Tuesday, January 06, 2009
Rough Superferry ride story really is in your morning paper, if you can find it
by Larry Geller
When I lived in Coney Island we could pay 50 cents to ride the Roller Coaster, but I don’t think that’s what passengers on the Superferry had in mind when they signed up for what turned out to be a very rough trip. Yesterday it was bad enough that there was vehicle damage as well.
Today’s Disappeared News contest challenges you to find the story in your morning Advertiser. I’m not making fun of them, they tried very hard to hide this story and yet they failed. I was able to locate it after a bit of a hunt. .
Ok, I am making fun of them. Yet their effort should be recognized
The obfuscation is interesting. After all, it’s important news, but news that maybe they don’t want readers to see. Advertisers pay the bills, of course, and Hawaii Superferry is a big advertiser.
What a dilemma for editors. How to publish it and yet keep it quiet?
So if you enjoy a challenge, stop reading this for a moment and see if you can find the article in your own morning paper. It’s there, I assure you.
KGMB reported on yesterday’s rough Superferry ride, including the now-famous video of the ship pitching up and down off Molokai. Probably this was the first time that non-web-surfing TV viewers had a chance to see that scary video. KGMB reported on yesterday’s trip:
"The boat was raised high into the air and slapping the bottom onto the ocean," said one passenger who didn't want to be identified.
That passenger said, she and more than half the passengers were vomiting at the end of the three hour trip.
KGMB reported that 13 vehicles aboard suffered minor damage.
Ok, where was the article hidden in the Advertiser?
My search for the story in the morning paper
I looked and looked for the story. It wasn’t in the main section, it wasn’t on the front page of the Hawaii section. It wasn’t even on the obituary page, where Superferry stories had run in the past.
Yet it must be in there somewhere, they must know that I would chastise them if it weren’t. So where could it be?
Maybe it’s in the “Communities” news block under Maui. No, not there. Aha! Here it is! A new “community” is born: Ka Iwi Channel. Just for Superferry news perhaps, I don’t think it’s an exciting neighborhood normally.
Up till now you’ve had to depend on the blogs for news of Ka Iwi Channel. I see that Brad Parsons posted in the wee hours of the morning, citing an Advertiser breaking news clip, which omits mentioning vehicle damage:
The company said the conditions caused some parked vehicles to shift during transit.
That totally inadequate story (gee, is “shifting” now news?) also omitted that passengers were sickened on the trip. Readers’ comments filled in the reportorial omission. Here’s one:
My family and I were on this particular voyage...rough doesn't begin to describe the ride. We've caught the superferry 8 times so far and this was the worst we've ever felt. I can honestly say that this experience has made me decide that I never want to catch the Superferry again. I don't want to take my chances. I estimate that more than 90% of the passengers were vomiting from the moment we passed Diamond Head. There was about 1.5 hours of relative calm while we were sailing between Molokai and Lanai and then the second storm of nauseous attacks began. Our boat was suppose to land at noon, but we docked at around 12:40. I did notice that the captain did slow the boat down at times when the seas seemed insane.My wish is that the Superferry would have some decency to cancel voyages when they know that seas are bad...or at least give passengers the option of rebooking/getting a refund on those days. One thing I may add is that the staff aboard was EXCELLENT & HELPFUL... iron stomachs!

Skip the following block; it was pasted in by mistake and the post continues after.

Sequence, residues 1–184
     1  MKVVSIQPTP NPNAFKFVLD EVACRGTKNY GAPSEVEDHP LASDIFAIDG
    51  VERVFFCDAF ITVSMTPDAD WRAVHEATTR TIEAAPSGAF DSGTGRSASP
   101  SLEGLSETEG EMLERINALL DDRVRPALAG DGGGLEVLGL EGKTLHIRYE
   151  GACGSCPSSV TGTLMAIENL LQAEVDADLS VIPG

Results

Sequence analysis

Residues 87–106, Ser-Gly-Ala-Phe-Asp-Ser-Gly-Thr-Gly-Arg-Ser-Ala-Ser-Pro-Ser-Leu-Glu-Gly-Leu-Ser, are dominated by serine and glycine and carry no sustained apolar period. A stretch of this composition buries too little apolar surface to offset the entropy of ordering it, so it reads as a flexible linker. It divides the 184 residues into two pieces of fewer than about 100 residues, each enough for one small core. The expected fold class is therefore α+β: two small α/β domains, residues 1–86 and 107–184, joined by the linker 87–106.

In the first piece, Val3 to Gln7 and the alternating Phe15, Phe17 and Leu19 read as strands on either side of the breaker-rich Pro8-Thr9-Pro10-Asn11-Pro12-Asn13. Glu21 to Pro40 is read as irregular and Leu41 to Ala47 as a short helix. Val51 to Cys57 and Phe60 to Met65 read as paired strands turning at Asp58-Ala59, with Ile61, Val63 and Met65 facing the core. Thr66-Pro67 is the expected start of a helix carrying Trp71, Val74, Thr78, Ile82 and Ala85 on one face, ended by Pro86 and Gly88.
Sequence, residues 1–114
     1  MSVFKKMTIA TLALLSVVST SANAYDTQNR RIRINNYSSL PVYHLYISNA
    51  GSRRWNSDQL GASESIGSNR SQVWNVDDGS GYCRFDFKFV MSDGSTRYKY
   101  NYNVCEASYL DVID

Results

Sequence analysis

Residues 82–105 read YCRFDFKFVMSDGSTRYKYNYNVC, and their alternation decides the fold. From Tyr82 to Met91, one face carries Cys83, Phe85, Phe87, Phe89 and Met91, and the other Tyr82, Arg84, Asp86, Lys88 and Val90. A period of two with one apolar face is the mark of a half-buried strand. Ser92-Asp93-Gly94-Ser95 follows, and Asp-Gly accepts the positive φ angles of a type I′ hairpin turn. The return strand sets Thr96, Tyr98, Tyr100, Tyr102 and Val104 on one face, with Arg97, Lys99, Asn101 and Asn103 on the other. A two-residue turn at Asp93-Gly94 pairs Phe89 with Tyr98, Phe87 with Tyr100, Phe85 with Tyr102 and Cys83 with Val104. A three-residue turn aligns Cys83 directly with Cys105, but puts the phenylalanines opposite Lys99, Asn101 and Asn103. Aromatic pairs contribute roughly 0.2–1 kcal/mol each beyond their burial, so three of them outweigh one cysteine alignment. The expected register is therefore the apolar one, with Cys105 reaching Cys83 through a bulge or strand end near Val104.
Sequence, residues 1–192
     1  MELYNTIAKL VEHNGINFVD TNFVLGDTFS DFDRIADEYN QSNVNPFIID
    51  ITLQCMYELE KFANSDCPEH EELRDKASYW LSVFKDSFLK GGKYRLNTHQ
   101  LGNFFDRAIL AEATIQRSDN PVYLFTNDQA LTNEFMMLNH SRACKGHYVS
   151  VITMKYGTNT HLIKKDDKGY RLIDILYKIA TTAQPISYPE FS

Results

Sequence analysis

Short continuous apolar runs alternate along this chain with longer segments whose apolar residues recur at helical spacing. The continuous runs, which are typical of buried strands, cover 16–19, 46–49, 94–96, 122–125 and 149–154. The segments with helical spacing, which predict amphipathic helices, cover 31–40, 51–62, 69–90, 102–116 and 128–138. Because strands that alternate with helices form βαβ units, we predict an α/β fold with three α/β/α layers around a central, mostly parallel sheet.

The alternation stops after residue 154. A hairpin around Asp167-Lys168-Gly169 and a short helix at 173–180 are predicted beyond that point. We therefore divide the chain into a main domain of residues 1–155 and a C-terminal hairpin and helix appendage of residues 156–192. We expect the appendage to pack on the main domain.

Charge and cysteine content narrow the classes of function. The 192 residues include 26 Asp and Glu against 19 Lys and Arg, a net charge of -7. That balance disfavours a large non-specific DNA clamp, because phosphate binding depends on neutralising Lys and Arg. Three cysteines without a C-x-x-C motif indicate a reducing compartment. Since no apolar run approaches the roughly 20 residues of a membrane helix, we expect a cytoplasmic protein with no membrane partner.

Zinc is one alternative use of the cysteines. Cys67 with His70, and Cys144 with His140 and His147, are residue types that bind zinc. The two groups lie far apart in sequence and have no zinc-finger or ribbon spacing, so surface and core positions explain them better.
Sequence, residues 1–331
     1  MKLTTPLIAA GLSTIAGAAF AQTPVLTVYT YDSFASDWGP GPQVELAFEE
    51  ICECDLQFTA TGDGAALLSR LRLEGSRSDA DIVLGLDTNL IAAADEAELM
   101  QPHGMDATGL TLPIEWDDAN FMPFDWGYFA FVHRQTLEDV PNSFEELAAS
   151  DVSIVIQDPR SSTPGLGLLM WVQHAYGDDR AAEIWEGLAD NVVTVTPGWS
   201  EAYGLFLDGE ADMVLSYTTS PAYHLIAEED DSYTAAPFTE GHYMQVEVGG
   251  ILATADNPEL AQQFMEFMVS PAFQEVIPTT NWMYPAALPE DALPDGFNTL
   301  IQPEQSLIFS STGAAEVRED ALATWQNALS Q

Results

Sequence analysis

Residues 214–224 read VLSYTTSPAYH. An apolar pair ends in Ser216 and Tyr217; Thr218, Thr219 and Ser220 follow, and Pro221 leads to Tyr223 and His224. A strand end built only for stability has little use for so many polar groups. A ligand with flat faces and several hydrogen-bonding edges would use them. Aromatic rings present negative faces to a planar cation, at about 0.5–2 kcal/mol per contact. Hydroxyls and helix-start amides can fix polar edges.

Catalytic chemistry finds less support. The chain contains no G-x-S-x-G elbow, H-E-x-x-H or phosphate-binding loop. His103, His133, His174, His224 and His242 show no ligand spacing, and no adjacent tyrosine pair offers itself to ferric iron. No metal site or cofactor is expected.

This trip should raise many questions, in particular about whether the company should be sailing under the sea conditions experienced yesterday. Also, how sanitary were things while the majority of passengers were barfing? Whether “more than half” or “more than 90%,” that’s a lot of barf on deck.
The Superferry management is smart enough to calculate the barf index for a particular day themselves, or they could consult Brad Parson’s Barf-O-Meter to learn the methodology. If seas are rough, why subject passengers to intense physical discomfort?
With the State Supreme Court about to rule on the legality of Act 2, and with the possibility of new
Superferry “large capacity passenger ferry” legislation in the upcoming legislative session, shouldn’t the newspapers be paying some real attention to how well this venture is going?
I decided to verify how many "large capacity ferry vessels" there are built in the U.S., and farmed the question out to an industry expert. He came back with the same information I did:
From: John ... (...@navigator...com)
Sent: Tue 1/06/09 9:50 AM
From Larry ...:
Brad: the only US ferries operating with at least 500 passengers and 200 cars are the Hawaii Superferry and the two Jumbo Mark II Class belonging to the Washington State Ferry System with 202 cars and 2500 people. At least that is all I can find searching my files and the web sites for North Carolina, New York City and Washington state.
--- On Mon, 1/5/09, John ... <...@...mariner.com>
To: Larry ... <...@yahoo.com>
Date: Monday, January 5, 2009, 9:13 AM
Larry do you know the answer to this question or how to find it?
From: Brad ... <...@hotmail.com>
Date: Fri, 2 Jan 2009
Re: Questions...for Larry...?
I have a question. Passenger ferries built in the United States that can carry at least 500 people and 200 vehicles, do you know how many there are and which ones they are? I have made an initial effort to find the information, just want to verify what I found.